Evolution within Javan Homo erectus 52

The Philippines, Sulawesi, and Nusa Tenggara: Pleistocene Mammals and Stratigraphy 53

The Philippines 54

Sulawesi 54

Flores and Nusa Tenggara 55

Homo floresiensis (and Homo erectus?) in Flores 58

The Enigma of Homo floresiensis 60

An Invited Perspective by Debbie Argue 60

The Homo floresiensis Controversy 62

Was Homo floresiensis a Dwarfed Homo erectus? 64

Was Homo floresiensis Descended from a Separate

Early Hominin Lineage? 64

Cultural Evidence Related to Homo erectus and Homo floresiensis 65

Java and the Tools of Homo erectus 67

Flores and the Tools of Homo floresiensis 71

Retrospect 74

Notes 75

References 76

4 The Biological History of Homo sapiens in Island Southeast Asia 86

The First Homo sapiens in Southeast Asia 89

Early to Middle Holocene Skeletal Data from Island Southeast Asia 93

The Biological Arrival of an Asian Neolithic Population in Island Southeast Asia 94

The Significance of Skin Pigmentation in Equatorial Latitudes 97

The Biological History of Southeast Asian Populations from Late Pleistocene and Holocene Cemetery Data 98

An Invited Perspective by Hirofumi Matsumura, Marc Oxenham, Truman Simanjuntak, and Mariko Yamagata 98

Craniometric Analysis 99

Early Indigenous Hunter-gatherers 99

Neolithic Dispersal in Mainland Southeast Asia 103

Neolithic Dispersal in Island Southeast Asia 104

Conclusions 106

The Genetic History of Human Populations in Island Southeast Asia During the Late Pleistocene and Holocene 107

An Invited Perspective by Murray Cox 107

The Population History of Island Southeast Asia 117

Notes 119

References 120

5 Late Paleolithic Archaeology in Island Southeast Asia 131

Mainland Southeast Asia, Peninsular Malaysia, and Sumatra: The Hoabinhian and Its Successors 134

Hoabinhian into Para-Neolithic in Mainland Southeast Asia 134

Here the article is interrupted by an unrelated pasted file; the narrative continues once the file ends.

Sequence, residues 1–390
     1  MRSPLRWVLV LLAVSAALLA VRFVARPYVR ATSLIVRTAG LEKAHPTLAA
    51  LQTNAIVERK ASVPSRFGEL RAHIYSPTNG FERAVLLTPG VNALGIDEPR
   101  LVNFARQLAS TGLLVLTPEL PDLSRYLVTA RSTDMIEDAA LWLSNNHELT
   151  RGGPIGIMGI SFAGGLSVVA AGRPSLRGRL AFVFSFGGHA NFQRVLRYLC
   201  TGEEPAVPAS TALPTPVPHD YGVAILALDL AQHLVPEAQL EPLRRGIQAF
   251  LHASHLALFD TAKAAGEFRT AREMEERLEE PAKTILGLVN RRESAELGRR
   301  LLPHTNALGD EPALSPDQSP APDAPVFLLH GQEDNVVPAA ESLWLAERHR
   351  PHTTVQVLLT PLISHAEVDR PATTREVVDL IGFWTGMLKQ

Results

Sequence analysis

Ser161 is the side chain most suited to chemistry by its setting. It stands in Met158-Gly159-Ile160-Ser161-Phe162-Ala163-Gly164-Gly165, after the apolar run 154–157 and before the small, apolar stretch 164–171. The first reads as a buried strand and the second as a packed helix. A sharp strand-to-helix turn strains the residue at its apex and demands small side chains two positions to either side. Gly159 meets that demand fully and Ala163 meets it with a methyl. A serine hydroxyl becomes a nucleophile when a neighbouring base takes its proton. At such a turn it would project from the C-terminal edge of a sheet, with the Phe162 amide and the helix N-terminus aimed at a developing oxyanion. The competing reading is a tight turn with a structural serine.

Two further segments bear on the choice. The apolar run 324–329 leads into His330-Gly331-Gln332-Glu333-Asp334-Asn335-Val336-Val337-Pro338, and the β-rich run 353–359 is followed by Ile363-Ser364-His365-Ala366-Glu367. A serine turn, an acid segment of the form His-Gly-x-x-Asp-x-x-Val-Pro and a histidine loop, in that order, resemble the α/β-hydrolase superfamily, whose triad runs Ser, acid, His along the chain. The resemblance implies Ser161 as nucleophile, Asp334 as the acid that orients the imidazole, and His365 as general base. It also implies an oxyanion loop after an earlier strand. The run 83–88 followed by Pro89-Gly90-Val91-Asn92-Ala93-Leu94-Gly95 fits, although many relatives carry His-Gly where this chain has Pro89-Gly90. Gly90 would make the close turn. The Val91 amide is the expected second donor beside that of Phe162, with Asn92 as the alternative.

The Hoabinhian of Sumatra 138

Beyond Sumatra - the Late Palaeolithic in the Islands of Southeast Asia 139

The Niah Caves, Sarawak 141

Eastern Sabah 143

Eastern and Central Kalimantan 147

Java 150

The Philippines 151

Sulawesi and the Talaud Islands 153

The Toalian of South Sulawesi - a Localized Revolution in Small Tool Technology 155

The Northern Moluccas 159

Eastern Nusa Tenggara and Timor-Leste 162

Changing Patterns in Hunting Across Island Southeast Asia Before the Neolithic 165

An Invited Perspective by Philip J. Piper 165

The Late Pleistocene (45-14 kya) 165

Terminal Pleistocene to Mid-Holocene (14-4.5 kya) 167

So
Rezensionen
"In First Islanders, Peter Bellwood -without doubt the leading authority on the archaeology and prehistory of Island Southeast Asia- offers up an engaging synthesis of the grand sweep of human history in this island world, from the arrival of early hominins one million years ago, through the development of agriculture and the Austronesian expansion, up to the early Metal Age. Bellwood brings the fascinating prehistory of this vast region to life as no other archaeologist can. First Islanders belongs on the bookshelf of every scholar of world prehistory." - Patrick V. Kirch , University of California Berkeley